L U D H I A N A   S T O R I E S


Apollo to set up cancer unit
Our Correspondent

Ludhiana, July 12
Satguru Partap Singh Apollo Hospitals here has decided to set up a new unit for cancer patients with an investment of Rs 25 crore at its existing facility. This was announced here today by Dr S.P. Singh, chairman of the hospital, while welcoming Dr Navdeep Singh, a renowned medical oncologist, who had joined Apollo as a consultant.

He said the hospital would also submit a proposal to the Bhabha Atomic Research Centre for approval. Post expansion, the hospital would have 550 beds, as against the current strength of 350 beds. This was in line with the hospital's dream of providing one-stop solution for cancer patients.

With the joining of Dr Navdeep, the hospital would be in a position to offer treatment of all cancers like acute and chronic leukemias (blood cancer), lymphomas, myeloma and cancers of breast, lung, stomach, liver, gall bladder, intestine, colon, pancreas, bone, kidney, prostate, urinary bladder, ovary, uterus and skin.

According to Dr P.S. Bhatia, medical superintendent at Apollo, a team of health care professionals, including medical oncologists, surgeons, anaesthesiologist, oncology nurses, oncology pharmacy specialist, pathologist, physiotherapist, plastic surgeon and reconstructive surgeon, each with a special role, will support patients during their assessment, treatment and follow-up care.

"The hospital has a backup for leukemia (blood cancer) chemotherapy, day care for other chemotherapy, isolation room for bone marrow transplant, excellent blood component support (blood, platelet and plasma transfusion). A one day cancer care camp is being organised at the hospital on coming Saturday to mark the launch of the new facility," he added.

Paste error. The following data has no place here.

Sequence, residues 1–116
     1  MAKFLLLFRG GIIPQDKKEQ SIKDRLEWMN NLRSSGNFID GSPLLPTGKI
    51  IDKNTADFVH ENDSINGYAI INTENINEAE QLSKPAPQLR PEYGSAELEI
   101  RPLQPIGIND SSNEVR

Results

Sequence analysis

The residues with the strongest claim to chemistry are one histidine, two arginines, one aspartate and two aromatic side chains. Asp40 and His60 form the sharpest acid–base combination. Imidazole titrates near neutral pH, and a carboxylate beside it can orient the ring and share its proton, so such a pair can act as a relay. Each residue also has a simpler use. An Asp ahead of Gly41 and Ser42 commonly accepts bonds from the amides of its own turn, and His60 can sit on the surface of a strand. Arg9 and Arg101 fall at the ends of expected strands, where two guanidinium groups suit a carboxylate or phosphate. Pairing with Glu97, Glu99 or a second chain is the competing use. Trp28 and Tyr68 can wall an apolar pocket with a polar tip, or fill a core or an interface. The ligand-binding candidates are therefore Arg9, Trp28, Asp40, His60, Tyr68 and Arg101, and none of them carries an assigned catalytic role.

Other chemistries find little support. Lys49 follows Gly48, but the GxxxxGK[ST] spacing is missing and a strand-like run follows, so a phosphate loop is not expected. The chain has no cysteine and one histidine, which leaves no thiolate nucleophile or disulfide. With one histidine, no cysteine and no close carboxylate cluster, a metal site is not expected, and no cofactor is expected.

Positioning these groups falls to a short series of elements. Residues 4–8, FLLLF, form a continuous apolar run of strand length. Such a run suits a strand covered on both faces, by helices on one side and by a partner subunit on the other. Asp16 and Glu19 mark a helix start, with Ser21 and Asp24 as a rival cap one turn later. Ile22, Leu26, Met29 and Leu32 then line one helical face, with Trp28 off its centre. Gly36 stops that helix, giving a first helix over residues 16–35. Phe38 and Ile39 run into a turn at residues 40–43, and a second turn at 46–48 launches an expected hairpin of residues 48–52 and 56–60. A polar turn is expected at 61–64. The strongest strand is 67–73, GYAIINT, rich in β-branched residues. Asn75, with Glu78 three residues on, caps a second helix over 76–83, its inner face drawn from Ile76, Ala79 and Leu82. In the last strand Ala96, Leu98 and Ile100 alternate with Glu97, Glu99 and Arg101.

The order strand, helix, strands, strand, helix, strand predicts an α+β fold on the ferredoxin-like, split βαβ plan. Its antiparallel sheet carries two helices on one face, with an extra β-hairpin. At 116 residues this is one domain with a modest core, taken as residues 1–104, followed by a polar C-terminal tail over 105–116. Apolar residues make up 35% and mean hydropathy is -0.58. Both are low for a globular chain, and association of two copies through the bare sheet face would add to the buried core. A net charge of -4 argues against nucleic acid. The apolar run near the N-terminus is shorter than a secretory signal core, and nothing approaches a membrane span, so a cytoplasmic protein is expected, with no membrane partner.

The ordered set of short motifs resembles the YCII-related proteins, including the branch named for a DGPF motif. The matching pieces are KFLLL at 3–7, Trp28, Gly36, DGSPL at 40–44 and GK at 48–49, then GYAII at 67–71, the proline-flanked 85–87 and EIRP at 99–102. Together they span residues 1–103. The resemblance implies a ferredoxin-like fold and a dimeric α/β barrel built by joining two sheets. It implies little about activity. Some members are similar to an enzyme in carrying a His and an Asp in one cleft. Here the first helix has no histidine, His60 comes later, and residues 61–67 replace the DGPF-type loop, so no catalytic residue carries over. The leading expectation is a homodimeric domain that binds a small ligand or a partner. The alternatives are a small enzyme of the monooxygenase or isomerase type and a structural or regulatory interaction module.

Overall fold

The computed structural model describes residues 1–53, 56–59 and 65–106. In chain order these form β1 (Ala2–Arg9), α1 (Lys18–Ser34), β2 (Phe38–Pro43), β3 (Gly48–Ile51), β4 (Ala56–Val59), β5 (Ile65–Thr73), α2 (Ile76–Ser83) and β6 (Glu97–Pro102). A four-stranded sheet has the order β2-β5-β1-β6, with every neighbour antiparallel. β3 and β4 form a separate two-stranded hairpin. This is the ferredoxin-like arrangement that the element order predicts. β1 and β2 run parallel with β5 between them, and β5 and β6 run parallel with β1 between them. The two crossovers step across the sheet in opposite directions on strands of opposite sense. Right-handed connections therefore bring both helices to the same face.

Book on pathophysiology for pharmacy
Tribune News Service

Ludhiana, July 12
Wg Cdr H.S.Gill, Chairman, Punjab Management Education Trust, today released a book on pathophysiology for pharmacy authored by Prof Rajpal Bansal, Director, PCTE Institute of Pharmacy, at the PCTE campus here. On this occasion, he congratulated Prof Bansal on his academic contribution.

The book contains 18 chapters covering the topics such as cell injury and adaption, inflammation, pathophysiology of cardiovascular system, respiratory system, digestive system, central nervous system, urino-genital system, pain and its management, sexually transmitted diseases, endocrine system, malaria and leprosy, allergy and hypersensitiviy, inflammation, malignancy, sensory organs, musculoskeletal system and musculoskeletal system.

While congratulating the author, Dr K.N.S.Kang, Director, PCTE, remarked that the book covered the syllabus of B.Pharmacy of various universities such as Punjab Technical University, Jalandhar, GNDU, Amritsar, HPU, Shimla, Kurukshetra University, Pune University and Gujarat University.



Pet Talk
Implant your pet with a microchip

Each year thousands of pets are lost and many are stolen. It can easily happen, no matter how much we all try to prevent it. When your pet is lost or stolen and if they do not have a collar or their collar gets lost, it can be very difficult for them to find their way home.

Rarely does a lost pet find his way back and many are either killed or caught by other people and sold in unregistered pet shops. If your pet is microchipped, there is a much greater chance that they will return to you safely. Microchips will last for your pet's lifetime, as there are no moving parts and nothing to replace.